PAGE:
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Larger than Life: Tom Mix

The Selig - Polyscope Company employs Tom Mix to handle the horses for its documentary Ranch Life in the Great Southwest, (1909).  Mix also appears in the film.  Over the next eight years, he makes, for Selig, nearly a hundred one and two reel films.  In 1917, his career blooms when he moves to Fox Studios.  The films he makes in the next ten years changes the course of Western film history.

Mix, like Anderson and Hart, bases his character and costume on the cowboy.  His huge success makes certain that the cowboy is the recognizable Western hero.  There are Westerns films about mountain men and scouts, soldiers, miners and outlaws; this includes films about the Great Northwest, based on the Jack London, James Oliver Curwood or Rex Beach novels.

If Tom Mix follows Hart as the cowboy hero, Mix's idea of his role cannot be dramatically diverse.  Hart aims for moral principals and realism, Mix seeks to entertain.  Tom Mix films are a mixture of stunts, comedy, fistfights, chases and above all "larger than life."  During the 1920s, Tom Mix's costumes become increasingly detailed and elaborate.  Hart's authentic Western evolves into Mix's Western fancy.

Often the action is Tom on his horse Tony chasing cars and yes, even airplanes.  Tom Mix's West is a fantasyland with one film Tom Mix in Arabia (1922).  Tom Mix's movies leave the Hart's stern Victorian goodness Westerns far behind.  In Tom Mix, the Roaring 20s finds its perfect Western star.

Mix's films are unquestionably pleasant.  The stunt work is outstanding with Mix doing his own stunt work.  Fights on top of trains are his specialty.  The studio films the movies on location, often at stunning places like the Grand Canyon.  He plays characters with attractive qualities but simple: heroic, polite, and ingenious.  His characters hardly ever kill anyone. 

In The Great K & A Train Robbery (1926), Tom finds the outlaws' hiding place.  Without losing his hat, Tom swims underwater into the outlaws' cave.  He spots a frog and puts his hat over the frog.  It swims away and catches the outlaws' attention.  Tom jumps into the middle of the twelve outlaws and a huge fistfight develops.  Miraculously, he captures the outlaw gang, single-handed.

To match the characters he plays on the silver screen, Tom Mix's biography has been pure fiction.  He claims to have charged up San Juan Hill with Teddy Roosevelt, fights in China and the Philippines, joins the Boers to fight the British and campaigns against Diaz in Mexico.  Nothing is true.  In the army, he never sees action and eventually deserts.  His acting career begins with the Miller Brothers 101 Ranch Wild West Show, the same outfit that Thomas Ince is later to take over.  Mix's experience with the Miller Brothers show turns him into an excellent rider.  This results in his films heavily relying on his horsemanship.  Hart's movies never had this stunt work.  During their heydays as action stars, Tom Mix is 16 years younger than William S. Hart is.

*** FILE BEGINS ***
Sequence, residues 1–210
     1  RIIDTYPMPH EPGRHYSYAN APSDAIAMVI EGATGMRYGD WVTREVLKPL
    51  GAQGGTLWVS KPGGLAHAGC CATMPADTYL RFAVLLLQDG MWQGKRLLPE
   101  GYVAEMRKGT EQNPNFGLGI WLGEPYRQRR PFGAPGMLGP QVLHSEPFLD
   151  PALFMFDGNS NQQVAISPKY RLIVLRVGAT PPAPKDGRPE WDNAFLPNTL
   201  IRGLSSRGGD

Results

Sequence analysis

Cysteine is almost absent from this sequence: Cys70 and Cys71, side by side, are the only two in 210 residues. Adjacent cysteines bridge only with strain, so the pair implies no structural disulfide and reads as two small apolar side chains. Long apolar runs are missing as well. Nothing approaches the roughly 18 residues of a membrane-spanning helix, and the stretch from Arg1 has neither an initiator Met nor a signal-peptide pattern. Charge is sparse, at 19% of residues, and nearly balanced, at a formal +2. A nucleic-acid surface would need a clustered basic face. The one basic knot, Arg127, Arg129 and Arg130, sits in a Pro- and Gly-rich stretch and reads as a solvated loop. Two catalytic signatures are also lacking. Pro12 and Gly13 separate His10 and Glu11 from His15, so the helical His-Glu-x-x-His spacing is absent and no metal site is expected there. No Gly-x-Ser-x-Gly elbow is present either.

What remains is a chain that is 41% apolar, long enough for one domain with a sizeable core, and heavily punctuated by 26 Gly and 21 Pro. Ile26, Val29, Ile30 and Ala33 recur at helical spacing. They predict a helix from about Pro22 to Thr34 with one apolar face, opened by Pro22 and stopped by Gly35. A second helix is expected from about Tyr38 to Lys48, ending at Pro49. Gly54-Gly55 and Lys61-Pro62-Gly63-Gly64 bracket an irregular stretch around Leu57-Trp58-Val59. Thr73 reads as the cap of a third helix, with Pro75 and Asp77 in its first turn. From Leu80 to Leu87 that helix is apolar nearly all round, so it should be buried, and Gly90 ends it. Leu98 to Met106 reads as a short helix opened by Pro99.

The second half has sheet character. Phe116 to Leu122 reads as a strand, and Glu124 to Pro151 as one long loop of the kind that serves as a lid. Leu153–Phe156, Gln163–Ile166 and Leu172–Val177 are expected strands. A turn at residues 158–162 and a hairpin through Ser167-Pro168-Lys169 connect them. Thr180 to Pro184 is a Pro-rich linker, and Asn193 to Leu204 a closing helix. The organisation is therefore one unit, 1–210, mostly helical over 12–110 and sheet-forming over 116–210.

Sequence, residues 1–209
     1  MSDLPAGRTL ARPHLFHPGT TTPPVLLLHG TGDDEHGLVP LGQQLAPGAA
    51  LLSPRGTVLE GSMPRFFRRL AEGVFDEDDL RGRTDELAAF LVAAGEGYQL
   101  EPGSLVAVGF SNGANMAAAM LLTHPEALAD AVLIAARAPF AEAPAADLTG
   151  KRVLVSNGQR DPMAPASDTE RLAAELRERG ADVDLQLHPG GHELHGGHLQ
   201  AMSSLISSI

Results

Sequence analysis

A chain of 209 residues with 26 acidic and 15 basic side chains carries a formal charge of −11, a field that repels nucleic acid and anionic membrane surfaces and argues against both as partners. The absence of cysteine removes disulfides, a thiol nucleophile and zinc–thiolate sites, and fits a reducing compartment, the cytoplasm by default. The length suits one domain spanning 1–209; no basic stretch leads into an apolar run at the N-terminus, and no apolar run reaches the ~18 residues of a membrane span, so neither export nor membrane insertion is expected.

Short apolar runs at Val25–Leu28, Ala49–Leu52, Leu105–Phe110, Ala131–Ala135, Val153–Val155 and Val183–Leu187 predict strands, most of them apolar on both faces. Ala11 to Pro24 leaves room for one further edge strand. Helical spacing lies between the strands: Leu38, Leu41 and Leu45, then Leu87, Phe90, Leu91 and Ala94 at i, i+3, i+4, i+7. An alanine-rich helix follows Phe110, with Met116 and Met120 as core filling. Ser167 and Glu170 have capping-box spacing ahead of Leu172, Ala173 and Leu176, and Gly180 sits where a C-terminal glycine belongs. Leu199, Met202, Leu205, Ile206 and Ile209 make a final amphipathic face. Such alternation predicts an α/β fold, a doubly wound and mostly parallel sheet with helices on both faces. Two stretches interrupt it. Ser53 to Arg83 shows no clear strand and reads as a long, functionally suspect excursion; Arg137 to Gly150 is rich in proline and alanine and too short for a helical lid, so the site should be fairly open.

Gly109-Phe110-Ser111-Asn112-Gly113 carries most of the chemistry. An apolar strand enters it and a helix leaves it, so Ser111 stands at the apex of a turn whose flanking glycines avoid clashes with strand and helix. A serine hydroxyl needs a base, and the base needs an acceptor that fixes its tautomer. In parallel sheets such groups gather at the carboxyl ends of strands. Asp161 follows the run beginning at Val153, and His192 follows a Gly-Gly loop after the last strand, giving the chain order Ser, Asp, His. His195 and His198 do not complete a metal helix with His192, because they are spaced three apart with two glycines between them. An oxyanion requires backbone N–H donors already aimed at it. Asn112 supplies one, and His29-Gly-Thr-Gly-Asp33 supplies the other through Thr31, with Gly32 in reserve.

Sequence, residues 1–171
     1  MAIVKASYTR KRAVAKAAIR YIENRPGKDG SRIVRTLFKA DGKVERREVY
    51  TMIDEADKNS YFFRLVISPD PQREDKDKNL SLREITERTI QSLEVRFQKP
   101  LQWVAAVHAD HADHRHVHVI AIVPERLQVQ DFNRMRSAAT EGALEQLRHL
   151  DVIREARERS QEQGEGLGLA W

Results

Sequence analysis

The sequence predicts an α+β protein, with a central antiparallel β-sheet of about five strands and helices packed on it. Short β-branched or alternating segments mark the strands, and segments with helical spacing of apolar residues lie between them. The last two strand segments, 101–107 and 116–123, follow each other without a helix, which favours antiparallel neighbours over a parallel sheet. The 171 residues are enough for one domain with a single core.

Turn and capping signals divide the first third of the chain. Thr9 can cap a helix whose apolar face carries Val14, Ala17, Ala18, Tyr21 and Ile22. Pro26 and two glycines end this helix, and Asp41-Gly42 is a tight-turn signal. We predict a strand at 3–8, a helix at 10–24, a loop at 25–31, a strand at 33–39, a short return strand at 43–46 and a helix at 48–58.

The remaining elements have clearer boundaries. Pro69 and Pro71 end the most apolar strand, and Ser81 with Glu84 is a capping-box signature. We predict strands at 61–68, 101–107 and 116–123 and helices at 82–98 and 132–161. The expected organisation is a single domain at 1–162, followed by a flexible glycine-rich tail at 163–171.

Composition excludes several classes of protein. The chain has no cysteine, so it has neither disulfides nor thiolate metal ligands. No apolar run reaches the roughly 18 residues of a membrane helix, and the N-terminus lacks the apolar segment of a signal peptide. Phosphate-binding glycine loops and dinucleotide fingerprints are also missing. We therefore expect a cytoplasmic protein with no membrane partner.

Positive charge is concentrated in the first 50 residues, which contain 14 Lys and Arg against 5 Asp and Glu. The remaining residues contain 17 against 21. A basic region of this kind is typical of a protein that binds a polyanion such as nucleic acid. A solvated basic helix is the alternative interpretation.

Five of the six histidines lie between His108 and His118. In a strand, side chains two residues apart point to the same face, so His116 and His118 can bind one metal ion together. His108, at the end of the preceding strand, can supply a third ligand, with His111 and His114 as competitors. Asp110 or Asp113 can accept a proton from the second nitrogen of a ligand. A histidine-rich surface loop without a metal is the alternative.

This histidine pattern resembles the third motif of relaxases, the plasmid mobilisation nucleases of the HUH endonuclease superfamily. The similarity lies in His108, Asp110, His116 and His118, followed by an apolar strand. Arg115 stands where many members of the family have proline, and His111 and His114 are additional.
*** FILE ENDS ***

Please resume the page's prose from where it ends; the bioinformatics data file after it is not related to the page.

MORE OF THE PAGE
At the end of his career, his last film, The Miracle Rider, (1935), Mix returns to the Wild West shows with the Sam B. Dill Circus.  Many of the early Western stars have their roots in the circus and Wild West shows.  It is here they gain bull riding, roping, and shooting skills.  Art Acord, Buck Jones, Hoot Gibson, Ken Maynard, Jack Hoxie, Tim McCoy and William Boyd appear in the arena.

Tom Mix, Ken Maynard, and others move back and forth between films and Wild West shows.  In 1920, Maynard appears with the Pawnee Bill's show.  Pawnee Bill has been a partner of Buffalo Bill.  From the films of the 1920s, we see the strong link between the Western film and its Wild West show origins.  For the Western, the Wild West shows commercialization of the cowboy proves more important to the Western than William S. Hart's legitimate theatre background.

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